October 25, 2010

Jeff McMahan on eliminating carnivorism in the natural world

This is one of the most important and thought-provoking articles I've read in the New York Times in quite some time: The Meat Eaters by Rutgers philosopher Jeff McMahan.

In the article, McMahan asks the question, "Would the controlled extinction of carnivorous species be a good thing?" His conclusion is yes:
The conflict, therefore, must be between preventing suffering and respecting the alleged sacredness — or, as I would phrase it, the impersonal value — of carnivorous species. Again, the claim that suffering is bad for those who experience it and thus ought in general to be prevented when possible cannot be seriously doubted. Yet the idea that individual animal species have value in themselves is less obvious. What, after all, are species? According to Darwin, they “are merely artificial combinations made for convenience.” They are collections of individuals distinguished by biologists that shade into one another over time and sometimes blur together even among contemporaneous individuals, as in the case of ring species. There are no universally agreed criteria for their individuation. In practice, the most commonly invoked criterion is the capacity for interbreeding, yet this is well known to be imperfect and to entail intransitivities of classification when applied to ring species. Nor has it ever been satisfactorily explained why a special sort of value should inhere in a collection of individuals simply by virtue of their ability to produce fertile offspring. If it is good, as I think it is, that animal life should continue, then it is instrumentally good that some animals can breed with one another. But I can see no reason to suppose that donkeys, as a group, have a special impersonal value that mules lack.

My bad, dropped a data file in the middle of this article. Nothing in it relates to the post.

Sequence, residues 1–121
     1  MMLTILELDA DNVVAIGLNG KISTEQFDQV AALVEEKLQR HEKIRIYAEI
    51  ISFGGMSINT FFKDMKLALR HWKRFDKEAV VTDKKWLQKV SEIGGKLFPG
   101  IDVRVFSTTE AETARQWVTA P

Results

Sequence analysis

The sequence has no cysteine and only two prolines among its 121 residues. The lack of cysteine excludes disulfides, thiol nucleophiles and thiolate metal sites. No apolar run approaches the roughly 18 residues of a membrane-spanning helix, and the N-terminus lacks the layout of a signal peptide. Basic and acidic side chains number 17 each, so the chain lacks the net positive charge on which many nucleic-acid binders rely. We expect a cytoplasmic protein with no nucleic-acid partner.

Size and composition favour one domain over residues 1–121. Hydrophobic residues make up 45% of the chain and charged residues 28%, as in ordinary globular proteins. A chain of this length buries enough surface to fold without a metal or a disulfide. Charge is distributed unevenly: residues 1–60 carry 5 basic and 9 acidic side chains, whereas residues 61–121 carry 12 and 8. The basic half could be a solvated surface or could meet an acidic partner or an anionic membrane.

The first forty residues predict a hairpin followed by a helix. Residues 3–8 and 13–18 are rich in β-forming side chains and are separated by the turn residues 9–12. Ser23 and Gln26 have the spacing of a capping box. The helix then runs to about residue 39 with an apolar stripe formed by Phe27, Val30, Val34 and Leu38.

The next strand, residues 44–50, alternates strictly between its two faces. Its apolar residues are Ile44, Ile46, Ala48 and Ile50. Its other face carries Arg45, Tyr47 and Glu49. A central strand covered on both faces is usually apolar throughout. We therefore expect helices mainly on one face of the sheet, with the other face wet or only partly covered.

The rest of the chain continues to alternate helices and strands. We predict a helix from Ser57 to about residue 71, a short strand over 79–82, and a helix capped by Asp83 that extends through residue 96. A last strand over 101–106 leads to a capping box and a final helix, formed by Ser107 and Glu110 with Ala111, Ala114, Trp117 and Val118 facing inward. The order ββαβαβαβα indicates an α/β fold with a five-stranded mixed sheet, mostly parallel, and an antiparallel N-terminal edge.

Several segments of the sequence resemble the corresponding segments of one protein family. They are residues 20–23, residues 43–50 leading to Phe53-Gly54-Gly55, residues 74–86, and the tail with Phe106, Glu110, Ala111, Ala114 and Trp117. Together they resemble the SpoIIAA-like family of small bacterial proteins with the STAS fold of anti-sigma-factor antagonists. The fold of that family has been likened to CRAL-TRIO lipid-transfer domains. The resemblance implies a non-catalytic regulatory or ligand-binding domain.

Even if animal species did have impersonal value, it would not follow that they were irreplaceable. Since animals first appeared on earth, an indefinite number of species have become extinct while an indefinite number of new species have arisen. If the appearance of new species cannot make up for the extinction of others, and if the earth could not simultaneously sustain all the species that have ever existed, it seems that it would have been better if the earliest species had never become extinct, with the consequence that the later ones would never have existed. But few of us, with our high regard for our own species, are likely to embrace that implication.

Here, then, is where matters stand thus far. It would be good to prevent the vast suffering and countless violent deaths caused by predation. There is therefore one reason to think that it would be instrumentally good if predatory animal species were to become extinct and be replaced by new herbivorous species, provided that this could occur without ecological upheaval involving more harm than would be prevented by the end of predation. The claim that existing animal species are sacred or irreplaceable is subverted by the moral irrelevance of the criteria for individuating animal species. I am therefore inclined to embrace the heretical conclusion that we have reason to desire the extinction of all carnivorous species, and I await the usual fate of heretics when this article is opened to comment.